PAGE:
RICHARD KING PERKINS II


Richard King Perkins II is a state-sponsored advocate for residents in long-term care
facilities. He has a wife, Vickie and a daughter, Sage. His work has appeared in hundreds
of publications, including Prime Mincer, Sheepshead Review, Sierra Nevada Review, Fox Cry,
Two Thirds North and The Red Cedar Review. He has poems forthcoming in Bluestem,
Poetry Salzburg Review and The William and Mary Review.






Abstract Child

We mourn for the abstract child
as if she is possibly our own,
wanting to go to her

where she lives weightlessly
in a monastery of trees

calming her fever and uncertainty.

Clouds furrow the brow of her sky,
so we lie to her
knowing one tear will break us all
beyond repair.

Take our hands
take our hands now, we cry,
just before she pulls us into a blue forest
of miracles and slightest impossibility.

We hold her in our withered limbs,
trying to clarify what is indistinguishable

but if we truly could do that
none of us would have ever heard
of this strangled other world.






Sailing to Bermuda

Their luncheon; ceremonial at best.
Mother and daughter chat over French onion soup
and club sandwiches, trying to find the mysterious
ground that once seemed so common. Conversation
ranges only to topics that maintain a wary distance:
Politics, economics and plans for future travel.
Ensuing laughter is a bit too sharp, a little too loud.

At a nearby table, an old woman gags and spits up
her food. Everyone is listening, watching in a way
where heads don't move, playing let's pretend
we're not fascinated by this inevitable suffering.

It's an ideal moment for empathy; a whisper or sigh,
a silent nod of the head. Instead, an ill-tamed silence.
This is what we have forgotten about each other.
Why they must quickly move apart if their legs brush
beneath the table, why they can't sip from the same
glass. Fully shunning the unfolded scene, Mom
suggests sailing to Bermuda and the laughter is a
trifle louder, elusively comfortable in this cultured-state;
to know what is feared so much more intimately than
that which we hope to love.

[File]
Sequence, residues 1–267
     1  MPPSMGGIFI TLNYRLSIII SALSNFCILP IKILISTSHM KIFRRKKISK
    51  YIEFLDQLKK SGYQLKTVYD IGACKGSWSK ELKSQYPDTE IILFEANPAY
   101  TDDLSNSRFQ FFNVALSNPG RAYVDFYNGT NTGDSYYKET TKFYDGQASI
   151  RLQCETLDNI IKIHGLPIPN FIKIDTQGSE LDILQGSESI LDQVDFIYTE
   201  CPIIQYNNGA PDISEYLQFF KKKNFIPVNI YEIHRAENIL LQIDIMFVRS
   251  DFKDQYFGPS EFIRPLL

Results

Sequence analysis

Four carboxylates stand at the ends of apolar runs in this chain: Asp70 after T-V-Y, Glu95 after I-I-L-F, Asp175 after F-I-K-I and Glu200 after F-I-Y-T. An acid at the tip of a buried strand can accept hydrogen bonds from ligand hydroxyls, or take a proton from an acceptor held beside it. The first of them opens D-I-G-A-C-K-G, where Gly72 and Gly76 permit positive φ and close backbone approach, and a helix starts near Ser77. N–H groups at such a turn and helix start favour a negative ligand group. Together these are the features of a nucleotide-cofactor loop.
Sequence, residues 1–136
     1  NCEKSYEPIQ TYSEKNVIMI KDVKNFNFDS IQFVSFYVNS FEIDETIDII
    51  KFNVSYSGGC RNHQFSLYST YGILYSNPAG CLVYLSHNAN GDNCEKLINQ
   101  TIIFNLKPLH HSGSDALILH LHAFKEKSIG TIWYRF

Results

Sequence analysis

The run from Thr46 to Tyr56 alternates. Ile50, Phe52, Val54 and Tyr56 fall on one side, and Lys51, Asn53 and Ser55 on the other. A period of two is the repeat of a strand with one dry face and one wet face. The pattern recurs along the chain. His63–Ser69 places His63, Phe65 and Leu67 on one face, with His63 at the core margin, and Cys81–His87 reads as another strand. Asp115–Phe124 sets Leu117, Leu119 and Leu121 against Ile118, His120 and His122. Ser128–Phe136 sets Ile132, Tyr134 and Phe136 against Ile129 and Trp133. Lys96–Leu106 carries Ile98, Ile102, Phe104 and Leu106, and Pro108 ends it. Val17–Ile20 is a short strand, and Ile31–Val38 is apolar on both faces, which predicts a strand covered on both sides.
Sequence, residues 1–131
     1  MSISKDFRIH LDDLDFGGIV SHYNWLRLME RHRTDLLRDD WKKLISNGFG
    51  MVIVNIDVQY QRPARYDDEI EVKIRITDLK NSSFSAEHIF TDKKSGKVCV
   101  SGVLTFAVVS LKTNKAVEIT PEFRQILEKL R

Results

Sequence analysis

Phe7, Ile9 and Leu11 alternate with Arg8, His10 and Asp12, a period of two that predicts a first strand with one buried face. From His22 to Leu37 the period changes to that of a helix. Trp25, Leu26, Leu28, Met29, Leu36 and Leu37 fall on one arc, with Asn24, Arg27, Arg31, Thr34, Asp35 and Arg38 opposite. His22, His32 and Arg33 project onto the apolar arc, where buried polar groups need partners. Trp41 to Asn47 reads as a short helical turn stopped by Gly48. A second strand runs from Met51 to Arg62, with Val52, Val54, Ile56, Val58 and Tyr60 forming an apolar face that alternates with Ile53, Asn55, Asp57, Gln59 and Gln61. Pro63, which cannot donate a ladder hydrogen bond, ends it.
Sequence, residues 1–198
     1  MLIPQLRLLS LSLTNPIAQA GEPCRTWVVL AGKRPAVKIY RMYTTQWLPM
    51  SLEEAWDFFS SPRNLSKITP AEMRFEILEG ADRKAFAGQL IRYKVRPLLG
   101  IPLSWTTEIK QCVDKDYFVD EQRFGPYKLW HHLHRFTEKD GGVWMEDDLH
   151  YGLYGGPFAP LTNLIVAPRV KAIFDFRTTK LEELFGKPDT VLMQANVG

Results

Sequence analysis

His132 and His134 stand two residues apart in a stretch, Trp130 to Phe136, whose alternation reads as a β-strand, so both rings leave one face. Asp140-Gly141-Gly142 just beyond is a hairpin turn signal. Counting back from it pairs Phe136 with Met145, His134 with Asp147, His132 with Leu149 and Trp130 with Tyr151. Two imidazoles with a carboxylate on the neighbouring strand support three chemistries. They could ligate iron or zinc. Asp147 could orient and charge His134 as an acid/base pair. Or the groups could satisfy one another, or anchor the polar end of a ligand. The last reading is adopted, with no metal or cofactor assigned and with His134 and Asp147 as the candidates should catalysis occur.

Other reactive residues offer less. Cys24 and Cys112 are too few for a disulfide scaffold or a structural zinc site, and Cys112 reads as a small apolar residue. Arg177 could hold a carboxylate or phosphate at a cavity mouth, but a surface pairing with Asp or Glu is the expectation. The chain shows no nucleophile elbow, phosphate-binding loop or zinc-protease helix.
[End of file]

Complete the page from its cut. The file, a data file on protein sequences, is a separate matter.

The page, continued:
Diary of a Sensitive Youth

In Cody
I remember the woman with no teeth who was crying.
I wanted to give her a couple of cigarettes
or maybe even the whole pack
but then I wouldn't have any, so I kept them,
and I moved on.

In Spokane
I was living at the park with the other homeless people.
Me and my friend were showing off
to the college girls that passed by
but I got tired of that
so I climbed a cliff about thirty feet high
and when I stood on top I could see the whole city
and when I looked down I saw a kid about my age
wearing black Converse shoes
his body covered by a ripped orange tarp.
His hands were on his stomach, cradling his severed head
and I said, well, at least you can't feel anything—
but I wasn't sure who I was talking to.
I couldn't speak for a couple of days after that
and one night, by the fire,
I noticed that I was wearing black Converse shoes,
wrapped in an orange poncho
and I knew that I would never talk again
if I stayed there, so I got up,
and I moved on.

Outside Spokane
I gave a woman my last five dollars because she looked like
the woman in Cody who I wanted to give cigarettes to.
But even after she had the money,
people still turned their heads from her in shame
and I thought, what difference does this really make?
Five dollars might last half-a-day
and then she'll still be the same anyway.
I was totally broke now, and I wished
I hadn't given away all my money, so I made a note,
and I moved on.

In Denver
I was sleeping at a friend's place
when I heard gunfire and jumped up and remembered
oh yeah, this is Denver, and went back to sleep
not too bothered by the drive-by-shooting.
In the morning
I heard that a little boy had been shot in the crossfire.
I was sad in a way
and wanted to do something to help.
Three weeks later, I was still there,
unable to think of any way to help, but I heard
he had gotten better anyhow and I felt better,
so I lit-up a found, half-cigarette, inhaled,
and began moving on.



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